2 Terra Nova Times April 24, 2020
Both large and small corporations are pitching in to help others
By Peyton Dulay Times staff writer
While many unessential busi- nesses have been forced to close as a result of COVID-19, those deemed essential have remained open and begun to step up and help their communities. Big companies such as Facebook and Yelp are donating millions to relief funds for small busi- nesses, whereas others have given directly to the healthcare
industry. Ford Motor Company, Crocs, and All Birds are donat- ing healthcare supplies, Ford is 3D-printing face shields, and Crocs and All Birds are donating thousands of free shoes to health- care workers across the country. The main motive for these companies is to keep their em- ployees employed and to retain customers for the future. Ac- cording to a recent survey from the American Association of Advertising Agencies (4A’s), re- searchers found that, “Fifty-six
percent of consumers report being happy to learn about how brands are helping in response to the coronavirus pandemic.” The more that companies do- nate and organize charities, the more likely consumers are to support and purchase goods from those companies in the future. Many companies have lost a signifi cant amount of sales as consumers are forced into fi nancial insecurity due to a re- duction in wages. Since most people aren’t in a position to
be spending money, companies have decided to support the broader economy by provid- ing for the healthcare industry. While many larger companies are stepping up to improve the general well being on a larger scale, many smaller and more local businesses have done the same on a smaller scale. Tripp Distillery, a local distillery, made the switch from manufacturing alcohol to making hand-sanitizer to keep the paychecks rolling. Jason Tripp, who owns the
Antibody tests promising, come with concerns
By Rose Kleinfeld Times staff writer
Scientists all over the world are work- ing to discover more about COVID-19 using new testing methods. The medical fi eld is attempting to gauge how exten- sively the virus has spread and when society can safely reopen by utilizing a technique called antibody testing. The test is called Serological En- zyme-Linked Immunosorbent Assay — or for those of us without a medical de- gree — ELISA. Despite its fancy name, ELISA is essentially an antibody test like any other — it checks to see whether you have the antibodies to SARS-CoV-2 (COVID-19), which basically shows whether you have previously contracted the virus. If you test positive for the an- tibodies, it means your immune system has had contact with COVID-19 and has made the antibodies for it, meaning your immune system was able to fi ght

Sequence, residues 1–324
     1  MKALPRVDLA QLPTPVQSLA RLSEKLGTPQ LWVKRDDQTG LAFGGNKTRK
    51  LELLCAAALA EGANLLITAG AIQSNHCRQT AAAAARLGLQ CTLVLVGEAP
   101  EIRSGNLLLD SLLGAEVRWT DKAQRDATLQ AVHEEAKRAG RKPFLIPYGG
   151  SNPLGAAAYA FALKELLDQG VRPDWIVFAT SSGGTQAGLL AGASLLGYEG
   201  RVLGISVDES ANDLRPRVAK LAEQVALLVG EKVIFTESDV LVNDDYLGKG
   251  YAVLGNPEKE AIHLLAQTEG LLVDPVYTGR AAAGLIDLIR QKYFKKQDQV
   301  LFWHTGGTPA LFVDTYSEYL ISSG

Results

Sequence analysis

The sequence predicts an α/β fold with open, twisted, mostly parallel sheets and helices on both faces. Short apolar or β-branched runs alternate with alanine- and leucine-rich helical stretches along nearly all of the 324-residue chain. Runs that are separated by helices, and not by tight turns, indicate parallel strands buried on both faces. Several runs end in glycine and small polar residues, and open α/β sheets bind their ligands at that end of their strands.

it off. If you test negative, it means you have not been infected by the virus, and therefore, you can still contract it. The main advantage to this testing method is that it can track people who are asymptomatic (show few or no symp- toms). Dr. Micheal Osterholm, an infec- tious disease expert from the University of Minnesota, said, “The hope is that sci- entists will be able to use the information from these tests to fi gure out what por- tion of the population has come in con- tact with the virus and is potentially im- mune to it and what portion is still at risk. From there, we can fi gure out how much longer to wait until letting restrictions on social interaction ease or if there are cer- tain areas less at risk, that kind of thing.” Despite the advantages of this test- ing, there are concerns. For starters, it is often diffi cult to properly catch and identify the antibodies someone has. Dr. Osterholm said, “Since it takes about one to two weeks for the body to produce an- tibodies after catching COVID-19, there
are a lot of people who get the test done but turn out negative, even when they shouldn’t. The test may not fi nd some- one currently infected to have the anti- bodies, even though they will get them, making time a big factor that plays
into the accuracy of the tests results.” Another issue that has arisen is false positives. When the test was fi rst being used, companies attempted to mass-pro
Police now enforcing county orders By Catherine Raman Times staff writer
You have probably seen the phrase “Stay home. Save lives,” since this quarantine has started and m